When the season’s calendar turns to spring about early March it arrives with the perfect opportunity for beginners, especially kids, to get out on the slopes. Why?
During the spring things tend to mellow out, skiers and riders on the mountain are much more relaxed and patient. Also, it’s much easier to ski without having to avoid a collision on every run! So if crowds and rushing stress you out, the spring could provide a better learning environment.
1. It’s a lot warmer
Whoever invented toe warmers deserves a Nobel prize, but even those small pouches of life-giving goodness have their limits. In the beginning, it’s all about having fun, and it’s hard to have fun if you can’t feel your fingers or toes. With warmer temps come happier extremities, and that’s no small thing, especially for kids.
Warmer weather means all of us can focus on learning skills, not figuring how to get to the base lodge quicker for hot chocolate.
2. Shorter lift lines, more groomer lines
No one’s ever learned how to ski standing in a lift line. Getting multiple reps in succession is the best way to progress. In the middle of winter, when lift lines are at their longest, it can be hard to get into a flow. Once spring hits, fewer crowds in general means fewer hassles. Learning to ski can be daunting enough without navigating lines to get lift tickets, rent gear, etc.
3. Spring skiing discounts
You’ll find deals on everything from tickets and lodging to rentals and lessons in the spring when reduced demand typically equates to reduced rates. And in some cases, it’s even free. Many mountains offer those who purchase a new season pass for the following winter the ability to use it right away.
With some ski resorts like Mammoth staying open into the late spring and summer, that can equate to as much as three free months of skiing and riding when you commit to purchasing a pass for next winter. You also can find some good deals on gear and apparel this time of year, as retailers slash prices on remaining inventory.
4. The spring ski season vibe
You may have heard the saying that there’s “no friends on a powder day.” We think whoever coined that phrase needs new friends, but regardless, the opposite is true in the spring. An experience that can feel intimidating in the winter—lift lines packed full of powder hounds frothing at the mouth to get their fix—is much more approachable in the springtime. As the temps climb, it’s all about having fun, being outside in the sunshine with friends and enjoying the last couple months of the season. For new skiers and snowboarders, that translates to a much more enjoyable learning experience.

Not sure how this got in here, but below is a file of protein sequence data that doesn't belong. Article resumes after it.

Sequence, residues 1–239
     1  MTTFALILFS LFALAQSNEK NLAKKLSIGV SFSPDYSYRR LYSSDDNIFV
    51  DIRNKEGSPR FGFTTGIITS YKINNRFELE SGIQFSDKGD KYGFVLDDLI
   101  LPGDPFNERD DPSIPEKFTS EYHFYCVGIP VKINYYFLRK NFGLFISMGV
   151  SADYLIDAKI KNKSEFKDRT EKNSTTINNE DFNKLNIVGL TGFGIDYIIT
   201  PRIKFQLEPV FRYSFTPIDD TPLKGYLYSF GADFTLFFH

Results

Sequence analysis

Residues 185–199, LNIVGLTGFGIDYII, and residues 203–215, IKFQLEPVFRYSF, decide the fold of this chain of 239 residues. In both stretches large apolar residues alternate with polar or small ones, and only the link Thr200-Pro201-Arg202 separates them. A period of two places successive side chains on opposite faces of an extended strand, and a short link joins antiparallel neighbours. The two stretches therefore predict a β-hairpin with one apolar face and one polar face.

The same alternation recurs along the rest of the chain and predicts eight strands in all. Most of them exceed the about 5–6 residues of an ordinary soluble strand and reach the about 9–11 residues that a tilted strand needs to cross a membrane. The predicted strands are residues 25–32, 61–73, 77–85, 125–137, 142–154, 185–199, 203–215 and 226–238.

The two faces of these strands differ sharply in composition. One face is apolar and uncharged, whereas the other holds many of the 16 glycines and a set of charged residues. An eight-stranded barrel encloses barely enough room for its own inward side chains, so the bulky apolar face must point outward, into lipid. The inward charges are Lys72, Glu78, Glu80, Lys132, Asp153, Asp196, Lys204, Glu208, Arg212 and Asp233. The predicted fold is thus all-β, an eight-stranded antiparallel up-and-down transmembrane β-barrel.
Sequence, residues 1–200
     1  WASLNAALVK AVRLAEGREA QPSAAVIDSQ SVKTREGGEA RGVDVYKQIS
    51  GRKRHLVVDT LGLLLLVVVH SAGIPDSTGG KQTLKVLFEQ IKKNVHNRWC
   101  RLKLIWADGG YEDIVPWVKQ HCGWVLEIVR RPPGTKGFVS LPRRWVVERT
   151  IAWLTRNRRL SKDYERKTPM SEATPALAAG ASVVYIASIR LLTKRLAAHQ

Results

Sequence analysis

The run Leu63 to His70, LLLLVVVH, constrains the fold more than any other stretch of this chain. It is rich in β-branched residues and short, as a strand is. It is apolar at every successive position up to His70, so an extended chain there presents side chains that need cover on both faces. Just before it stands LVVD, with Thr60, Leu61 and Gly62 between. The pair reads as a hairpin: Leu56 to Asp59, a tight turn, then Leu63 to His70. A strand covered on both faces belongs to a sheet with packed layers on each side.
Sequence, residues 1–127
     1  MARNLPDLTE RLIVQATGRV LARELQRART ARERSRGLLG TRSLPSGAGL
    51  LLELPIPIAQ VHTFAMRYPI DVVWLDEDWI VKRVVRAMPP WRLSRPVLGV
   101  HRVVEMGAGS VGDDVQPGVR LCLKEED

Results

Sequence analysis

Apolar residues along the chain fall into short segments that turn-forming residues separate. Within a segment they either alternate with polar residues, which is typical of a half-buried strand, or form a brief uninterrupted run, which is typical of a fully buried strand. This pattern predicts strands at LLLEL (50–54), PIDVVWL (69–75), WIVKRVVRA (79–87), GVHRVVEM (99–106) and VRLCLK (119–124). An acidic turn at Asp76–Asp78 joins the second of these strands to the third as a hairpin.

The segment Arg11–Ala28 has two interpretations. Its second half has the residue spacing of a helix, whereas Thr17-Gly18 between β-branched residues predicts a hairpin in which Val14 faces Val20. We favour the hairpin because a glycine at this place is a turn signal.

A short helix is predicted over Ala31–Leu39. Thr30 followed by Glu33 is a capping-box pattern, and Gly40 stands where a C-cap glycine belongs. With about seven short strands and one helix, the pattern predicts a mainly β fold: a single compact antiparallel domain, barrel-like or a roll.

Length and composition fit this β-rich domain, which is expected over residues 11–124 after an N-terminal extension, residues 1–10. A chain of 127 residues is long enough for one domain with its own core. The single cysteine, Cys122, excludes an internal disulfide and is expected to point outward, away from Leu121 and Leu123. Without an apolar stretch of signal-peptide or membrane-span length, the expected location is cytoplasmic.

Lunches are laid back in the spring. ©Big Bear Mountain Resort
5. The snow is softer
The painful truth is that in the beginning, new skiers and snowboarders are going to fall. It’s not a bad thing. It’s the only way to improve, but it also may mean a few bumps and bruises along the way. In the springtime, the snow tends to soften up a bit, reducing the size of those bumps and bruises, even if slightly. When it comes to one’s tailbone, “slightly” isn’t trivial.
6. Après-ski at its best
Spring skiing or boarding lets you experience the epitome of après-ski (for you more mature beginners!): Sunglasses, deck chairs, sunny patios, your beverage of choice and possibly a hot tub or pool. It’s hard not to fall instantly in love with this sport when you’re hanging out in a tank top or swimsuit toasting with new friends and working on your tan. Just don’t forget the sunscreen.
So, where should you ski?
Here’s a thought you might not have considered when choosing a resort for beginners in the spring: Often, the great mountains for intermediates through experts are perfect for beginners in the spring because they often feature huge swaths of easily-accessed surprisingly mellow terrain.
Be sure to head to an area where the ski school has lots of instructors for beginners. Consider Beaver Creek, Steamboat, Keystone and Aspen Snowmass in Colorado; Palisades Tahoe and Big Bear Mountain Resort in California; Park City Mountain Resort in Utah; Smugglers’ Notch in Vermont, and Sunday River in Maine.
Historically the following resorts have extended ski and riding spring conditions. The 2023 extensions span across the country including Stevens Pass in Washington State, Mammoth Mountain in California, Heavenly and Kirkwood in Lake Tahoe, Vail Mountain in Colorado, and Killington and Mount Snow in Vermont. Additionally, Breckenridge in Colorado and Whistler Blackcomb in British Columbia will remain open through late May, conditions permitting.